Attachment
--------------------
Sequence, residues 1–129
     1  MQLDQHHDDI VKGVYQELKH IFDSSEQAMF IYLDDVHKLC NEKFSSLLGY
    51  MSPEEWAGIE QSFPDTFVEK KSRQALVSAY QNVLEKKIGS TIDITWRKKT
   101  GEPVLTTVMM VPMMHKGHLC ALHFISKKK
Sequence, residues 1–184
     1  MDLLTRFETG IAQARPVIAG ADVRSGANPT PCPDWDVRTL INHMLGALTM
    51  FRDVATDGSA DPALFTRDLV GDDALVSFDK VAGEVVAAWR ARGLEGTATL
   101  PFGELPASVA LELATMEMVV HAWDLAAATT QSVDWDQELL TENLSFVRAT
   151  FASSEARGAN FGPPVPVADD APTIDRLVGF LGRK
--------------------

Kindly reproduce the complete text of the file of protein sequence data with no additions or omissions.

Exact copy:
Sequence, residues 1–129
     1  MQLDQHHDDI VKGVYQELKH IFDSSEQAMF IYLDDVHKLC NEKFSSLLGY
    51  MSPEEWAGIE QSFPDTFVEK KSRQALVSAY QNVLEKKIGS TIDITWRKKT
   101  GEPVLTTVMM VPMMHKGHLC ALHFISKKK
Sequence, residues 1–184
     1  MDLLTRFETG IAQARPVIAG ADVRSGANPT PCPDWDVRTL INHMLGALTM
    51  FRDVATDGSA DPALFTRDLV GDDALVSFDK VAGEVVAAWR ARGLEGTATL
   101  PFGELPASVA LELATMEMVV HAWDLAAATT QSVDWDQELL TENLSFVRAT
   151  FASSEARGAN FGPPVPVADD APTIDRLVGF LGRK